A blueprint for RadioShack’s “re-birth”


Many thanks to SWLing Post reader, Mark, who shares this article from the New York Times which describes the plan a hedge fund is implementing to strengthen 1,700 existing RadioShack stores:

RadioShack will slim down to become an electronics convenience store of sorts, focusing on things like Bluetooth headsets, chargers and other accessories that shoppers may need immediately rather than waiting a day or two for shipment of a web order. One of the most profitable RadioShack stores is a Bridgehampton, N.Y., outlet that is frequented by weekend vacationers who have forgotten their smartphone chargers or earphones. And one of RadioShack’s top-selling products is hearing aid batteries.

Tablets, laptops and digital cameras will disappear from RadioShack stores, and mobile phone sales and services will be handled by its new partner, Sprint, all of which affects just 7 percent of RadioShack’s sales. Remaining product lines will also shrink, to 60 headphones from about 180, for example, and to just one fitness wristband from 34.

In an interview, Ron Garriques, a former Dell and Motorola executive chosen last week to lead the new RadioShack, said the chain would also focus on small cities with populations of 5,000 to 100,000, where demand still exists for a neighborhood electronics store.

When he and the Standard General team studied the old RadioShack’s 4,200 stores by profitability, they found that the best-performing stores were not in big cities or fancy malls, where the rents are high and competitors also sell electronics. Most of those stores will close. The number of stores in Manhattan, for instance, will fall to just three from more than 30.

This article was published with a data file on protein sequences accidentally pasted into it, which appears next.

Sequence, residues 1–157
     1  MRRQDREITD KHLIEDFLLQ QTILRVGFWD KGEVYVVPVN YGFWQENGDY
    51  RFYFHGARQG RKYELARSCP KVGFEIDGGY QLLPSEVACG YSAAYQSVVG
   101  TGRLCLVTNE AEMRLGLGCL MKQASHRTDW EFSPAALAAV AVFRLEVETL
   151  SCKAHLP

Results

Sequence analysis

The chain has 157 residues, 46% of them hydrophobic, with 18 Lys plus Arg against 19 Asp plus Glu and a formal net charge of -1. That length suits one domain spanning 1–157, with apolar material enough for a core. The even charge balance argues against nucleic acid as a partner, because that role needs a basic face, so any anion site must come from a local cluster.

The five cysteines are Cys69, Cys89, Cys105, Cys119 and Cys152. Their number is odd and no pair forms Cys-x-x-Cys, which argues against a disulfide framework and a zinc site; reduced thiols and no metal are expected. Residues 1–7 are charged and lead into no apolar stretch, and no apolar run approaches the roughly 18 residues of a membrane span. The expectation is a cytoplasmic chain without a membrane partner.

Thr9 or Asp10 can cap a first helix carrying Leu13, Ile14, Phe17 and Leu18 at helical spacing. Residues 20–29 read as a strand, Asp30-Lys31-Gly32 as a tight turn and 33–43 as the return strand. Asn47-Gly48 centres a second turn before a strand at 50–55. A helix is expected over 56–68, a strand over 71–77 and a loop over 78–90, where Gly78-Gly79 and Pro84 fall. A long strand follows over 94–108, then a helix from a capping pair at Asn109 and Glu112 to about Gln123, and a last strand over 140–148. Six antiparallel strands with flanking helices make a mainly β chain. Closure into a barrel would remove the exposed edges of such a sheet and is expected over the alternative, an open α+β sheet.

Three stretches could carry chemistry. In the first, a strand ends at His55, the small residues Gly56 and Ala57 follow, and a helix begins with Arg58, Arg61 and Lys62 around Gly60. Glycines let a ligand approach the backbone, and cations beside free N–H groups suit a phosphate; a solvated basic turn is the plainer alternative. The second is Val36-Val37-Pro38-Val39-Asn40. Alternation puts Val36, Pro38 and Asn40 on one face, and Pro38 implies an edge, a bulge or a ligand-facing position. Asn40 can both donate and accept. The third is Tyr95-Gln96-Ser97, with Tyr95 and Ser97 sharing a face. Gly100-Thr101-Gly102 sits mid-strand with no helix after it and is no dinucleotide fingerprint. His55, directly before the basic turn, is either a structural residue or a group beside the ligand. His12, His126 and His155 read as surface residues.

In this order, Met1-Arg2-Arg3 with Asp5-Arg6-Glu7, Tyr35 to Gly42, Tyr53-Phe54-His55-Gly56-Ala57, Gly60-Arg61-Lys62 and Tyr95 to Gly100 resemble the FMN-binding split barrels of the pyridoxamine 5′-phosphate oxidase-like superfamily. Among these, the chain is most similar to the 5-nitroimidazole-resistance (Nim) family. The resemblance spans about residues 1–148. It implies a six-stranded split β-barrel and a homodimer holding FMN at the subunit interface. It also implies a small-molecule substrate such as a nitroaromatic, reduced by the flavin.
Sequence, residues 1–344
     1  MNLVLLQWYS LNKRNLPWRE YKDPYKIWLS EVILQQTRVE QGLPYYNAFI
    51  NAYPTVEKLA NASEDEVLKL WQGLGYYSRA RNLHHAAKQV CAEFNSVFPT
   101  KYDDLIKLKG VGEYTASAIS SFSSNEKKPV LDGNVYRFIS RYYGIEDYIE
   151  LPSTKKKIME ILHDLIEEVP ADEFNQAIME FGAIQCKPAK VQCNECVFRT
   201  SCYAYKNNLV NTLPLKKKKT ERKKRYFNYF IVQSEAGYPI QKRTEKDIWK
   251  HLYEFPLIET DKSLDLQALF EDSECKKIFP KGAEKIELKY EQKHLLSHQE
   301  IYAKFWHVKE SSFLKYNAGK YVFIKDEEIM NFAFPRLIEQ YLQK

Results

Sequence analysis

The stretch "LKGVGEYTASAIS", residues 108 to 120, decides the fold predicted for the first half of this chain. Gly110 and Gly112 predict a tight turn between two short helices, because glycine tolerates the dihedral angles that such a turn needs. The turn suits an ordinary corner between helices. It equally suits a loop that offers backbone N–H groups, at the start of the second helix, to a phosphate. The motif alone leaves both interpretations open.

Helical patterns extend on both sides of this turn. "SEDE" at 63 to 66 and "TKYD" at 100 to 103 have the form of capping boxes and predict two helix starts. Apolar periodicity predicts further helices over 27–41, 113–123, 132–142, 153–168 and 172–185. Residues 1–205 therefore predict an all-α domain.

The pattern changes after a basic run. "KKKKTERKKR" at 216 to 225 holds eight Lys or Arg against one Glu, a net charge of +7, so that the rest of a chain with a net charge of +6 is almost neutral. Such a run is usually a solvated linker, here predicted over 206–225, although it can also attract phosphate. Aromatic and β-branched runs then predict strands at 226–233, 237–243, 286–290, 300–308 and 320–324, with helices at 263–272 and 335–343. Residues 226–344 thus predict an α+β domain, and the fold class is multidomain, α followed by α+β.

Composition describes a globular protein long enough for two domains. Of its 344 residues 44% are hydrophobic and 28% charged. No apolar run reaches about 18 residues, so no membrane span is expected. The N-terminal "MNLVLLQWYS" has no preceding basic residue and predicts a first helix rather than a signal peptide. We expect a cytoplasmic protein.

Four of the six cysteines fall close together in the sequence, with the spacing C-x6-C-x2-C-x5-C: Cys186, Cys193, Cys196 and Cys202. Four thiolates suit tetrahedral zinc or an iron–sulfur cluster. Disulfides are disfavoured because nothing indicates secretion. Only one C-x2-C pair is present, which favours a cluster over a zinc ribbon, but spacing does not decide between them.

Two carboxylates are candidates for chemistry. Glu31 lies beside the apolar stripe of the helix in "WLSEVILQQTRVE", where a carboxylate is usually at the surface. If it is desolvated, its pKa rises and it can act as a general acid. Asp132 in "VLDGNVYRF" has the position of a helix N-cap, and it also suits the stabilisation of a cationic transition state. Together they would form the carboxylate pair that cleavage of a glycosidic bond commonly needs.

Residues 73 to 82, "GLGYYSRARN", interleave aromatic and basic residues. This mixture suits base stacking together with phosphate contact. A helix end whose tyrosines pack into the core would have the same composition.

But in many smaller communities, Mr. Garriques said: “RadioShack is part of the neighborhood.  We are the ‘go to’ store for electronics.”

Read the full article at the NY Times website.

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2 thoughts on “A blueprint for RadioShack’s “re-birth”

  1. John Leonardelli

    This is a perfect example of using analytics to gain insights into the customer and their buying needs. If and as “the shack” returns to becoming a community based store that “has answers” to customer questions it can return to prominence once again.

    Thankfully, they did not go the big box route like others that are now downsizing to smaller retail footprints.

    Radio Shack in canada was bought by a Telco years ago, then another Telco bought a camera chain to attempt to sell more wireless handsets.

    Target Canada is closing all their stores and Best Buy bought Future Shop so no surprise that retail is changing

    I love this radio and electronics stuff and we all have our stories on how Radio Shack played an important role in our lives and hobby


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